OST waiting for cue ahead of 2021 season

Tuesday, February 2, 2021
The Okoboji Summer Theatre Association hopes to hold a waffle breakfast fundraiser on Memorial Day weekend at the OST campus. The association will not be holding its traditional omelet breakfast fundraiser during this year's University of Okoboji Winter Games. (File photo)

Staff at the Okoboji Summer Theatre need a little more time before striking up the overture to the 2021 performance season. The theatre staff typically announces the year's lineup during the University of Okoboji Winter Games after the OST Association's omelet breakfast fundraiser.

Not so this year.

COVID-19 dropped an early curtain on the theatre's season last year, and OST Executive Director Ruth Ann Burke said announcements about this year's productions will make a late entrance while the OST team keeps an eye on state and local health guidelines.

Michael and Ruth Ann Burke announced the Okoboji Summer Theatre lineup for the 2020 season during the 40th Annual University of Okoboji Winter Games. That April, OST announced none of that year's performances would be taking the stage due to public health concerns during the COVID-19 pandemic. (File photo)

"We're hoping to be able to produce live theatre again," Burke said. "We're just waiting until probably late March or April to make that determination and see what kind of a season we can have."

Burke said the theatre association hopes to hold a waffle breakfast fundraiser Memorial Day weekend in the Okoboji Summer Theatre's new Weaver Commons. OST had high hopes for the 2020 performance season when the titles were announced on Jan. 25 that year, but it became the season that never was.

The COVID-19 pandemic reached Iowa after Burke announced the upcoming productions, and OST staff decided in April to call off the theatre's nine main-stage performances as well as four titles slated for the Boji Bantam Children's Theatre.

"A Grand Night for Singing" (Photo submitted)

"We heard a lot of feedback from folks that they really did miss us," Burke said. "It was the first time we hadn't been there in 62 years."

She said many of theatre supporters answered the call for monetary support in a difficult season. A number of sponsors and donors asked that the theatre keep the funds that had already been given to support the 2020 season, according to Burke.

"As most nonprofits, we definitely lost revenue by not being able to produce, but our sponsors, donors and season ticket holders held in there with us, which we are quite thankful for," Burke said. "We're entering that cycle again and asking people to be patient."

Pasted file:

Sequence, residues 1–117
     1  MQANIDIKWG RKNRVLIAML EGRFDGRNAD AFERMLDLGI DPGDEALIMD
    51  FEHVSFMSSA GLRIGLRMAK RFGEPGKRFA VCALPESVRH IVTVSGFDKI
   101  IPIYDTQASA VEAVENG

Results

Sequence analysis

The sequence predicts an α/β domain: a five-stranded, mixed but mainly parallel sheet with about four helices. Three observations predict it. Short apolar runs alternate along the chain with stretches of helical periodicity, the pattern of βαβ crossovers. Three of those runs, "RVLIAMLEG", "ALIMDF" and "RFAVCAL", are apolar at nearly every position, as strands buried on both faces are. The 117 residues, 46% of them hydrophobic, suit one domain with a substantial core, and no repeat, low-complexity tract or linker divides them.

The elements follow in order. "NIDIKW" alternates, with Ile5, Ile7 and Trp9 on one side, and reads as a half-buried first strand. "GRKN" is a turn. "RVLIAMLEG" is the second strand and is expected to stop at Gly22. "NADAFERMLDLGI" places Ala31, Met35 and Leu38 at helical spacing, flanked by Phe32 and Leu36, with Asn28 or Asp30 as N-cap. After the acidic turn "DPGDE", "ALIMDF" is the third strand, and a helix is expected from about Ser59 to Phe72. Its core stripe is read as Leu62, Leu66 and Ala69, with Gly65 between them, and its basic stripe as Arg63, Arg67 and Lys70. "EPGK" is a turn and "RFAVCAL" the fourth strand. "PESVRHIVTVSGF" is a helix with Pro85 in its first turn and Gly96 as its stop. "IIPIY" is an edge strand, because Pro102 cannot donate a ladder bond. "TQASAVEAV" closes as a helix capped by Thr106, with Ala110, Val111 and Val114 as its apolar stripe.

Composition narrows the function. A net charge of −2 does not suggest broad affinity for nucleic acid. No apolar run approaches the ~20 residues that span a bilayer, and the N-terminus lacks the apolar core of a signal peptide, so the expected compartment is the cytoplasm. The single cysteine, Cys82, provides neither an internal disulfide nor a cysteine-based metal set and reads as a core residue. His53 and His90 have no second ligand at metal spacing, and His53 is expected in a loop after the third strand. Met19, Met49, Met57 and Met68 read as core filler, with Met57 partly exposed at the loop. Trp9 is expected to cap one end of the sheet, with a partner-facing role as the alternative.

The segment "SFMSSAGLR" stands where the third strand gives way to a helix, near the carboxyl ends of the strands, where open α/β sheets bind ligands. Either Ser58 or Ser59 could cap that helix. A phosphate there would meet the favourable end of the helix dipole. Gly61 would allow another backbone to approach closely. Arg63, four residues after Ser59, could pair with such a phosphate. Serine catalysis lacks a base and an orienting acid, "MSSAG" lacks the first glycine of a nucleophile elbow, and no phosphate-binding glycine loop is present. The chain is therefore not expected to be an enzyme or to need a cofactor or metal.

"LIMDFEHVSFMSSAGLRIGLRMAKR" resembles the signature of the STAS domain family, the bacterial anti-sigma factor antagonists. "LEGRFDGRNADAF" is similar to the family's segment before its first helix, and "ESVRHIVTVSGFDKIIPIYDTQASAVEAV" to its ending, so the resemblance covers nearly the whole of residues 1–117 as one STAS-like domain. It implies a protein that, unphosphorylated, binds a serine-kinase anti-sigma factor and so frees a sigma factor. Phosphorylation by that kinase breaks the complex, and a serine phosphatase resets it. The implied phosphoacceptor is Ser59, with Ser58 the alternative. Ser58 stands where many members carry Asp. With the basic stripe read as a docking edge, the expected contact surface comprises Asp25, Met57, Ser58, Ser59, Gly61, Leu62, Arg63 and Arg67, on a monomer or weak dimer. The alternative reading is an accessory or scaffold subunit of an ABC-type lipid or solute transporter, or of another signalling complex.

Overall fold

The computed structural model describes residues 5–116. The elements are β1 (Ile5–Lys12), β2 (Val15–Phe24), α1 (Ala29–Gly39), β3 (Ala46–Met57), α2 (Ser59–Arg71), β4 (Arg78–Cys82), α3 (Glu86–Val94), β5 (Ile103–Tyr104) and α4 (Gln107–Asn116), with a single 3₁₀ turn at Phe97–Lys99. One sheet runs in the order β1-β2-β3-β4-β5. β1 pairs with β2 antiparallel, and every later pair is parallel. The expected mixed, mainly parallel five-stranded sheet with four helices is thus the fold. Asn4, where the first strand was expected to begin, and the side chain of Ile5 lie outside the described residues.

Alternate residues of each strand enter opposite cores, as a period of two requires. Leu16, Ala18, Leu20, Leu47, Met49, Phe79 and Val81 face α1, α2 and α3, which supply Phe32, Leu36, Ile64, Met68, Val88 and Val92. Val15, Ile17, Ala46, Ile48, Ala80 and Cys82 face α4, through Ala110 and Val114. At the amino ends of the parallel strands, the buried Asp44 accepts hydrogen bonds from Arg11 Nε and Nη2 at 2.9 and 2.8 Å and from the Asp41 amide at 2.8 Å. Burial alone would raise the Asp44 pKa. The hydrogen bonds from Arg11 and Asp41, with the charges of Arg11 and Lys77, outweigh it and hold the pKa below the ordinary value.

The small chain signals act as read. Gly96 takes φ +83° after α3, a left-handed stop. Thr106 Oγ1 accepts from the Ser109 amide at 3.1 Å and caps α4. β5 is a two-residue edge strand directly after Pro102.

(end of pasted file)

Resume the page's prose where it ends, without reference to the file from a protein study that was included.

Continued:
"Leaving Iowa" (Photo submitted)

She said staff were able to visit the OST campus for a few weeks over the summer and do some upkeep to the facilities. Donors old and new are encouraged to contact the theatre at boxoffice@okobojisummertheatre.org to provide updated contact information and stay informed of the theatre's plans on social media.

The Okoboji Summer Theatre is owned and operated by Stephens College, and last year's cancellations meant some of the college's student performers who had expected on-stage experience before graduating didn't make it to the Okoboji playhouse. Burke said about half of the students hoping to perform at OST chose to wait until the 2021 season, but the other half took on independent theatre projects in order to graduate.

"They created solo shows, so they really got a unique experience working one on one with a director and creating a one-person show, and that turned out to be an extraordinary experience for those students who chose that," Burke said. "We came up with that project quickly so those students could stay on track with their degree plan, but nothing replaces the experience of the Okoboji Summer Theatre."

"Maybe Baby, It's You" (Photo submitted)

Last year's roster of performances included well-known titles like "Grease," "Terms of Endearment" and "The Music Man." Stephen Brotebeck had agreed to once again serve as OST's artistic director that year, and Burke said Brotebeck has agreed to return for 2021 as well. He and the rest of the OST team are a nimble-minded bunch, according to Burke, and they are eager to move forward with the season in whatever way they can possibly using last year's performance lineup as a template.

"We were so excited to produce that season, so I think we'll take a close look at it and see how much of that we might be able to preserve," Burke said, noting some performance rights may have become unavailable since last season.

Burke said state and local health guidelines will be a major factor when it comes time for the theatre to make its decisions about the 2021 season. Local health officials previously estimated COVID-19 vaccinations may be available to the general public by late spring or early summer. OST's season typically kicks off in mid-June, and Burke pointed out various aspects of the pandemic response could change ahead of the first curtain call.

"That's why I think we want to wait as long as possible into the spring to make those determinations," Burke said. "The longer we wait, the more possible it is that we would be able to have a diminished audience capacity or maybe a full audience capacity. As the weeks and months go by, we're hoping that that increases our chances to be able to produce live theatre once again."

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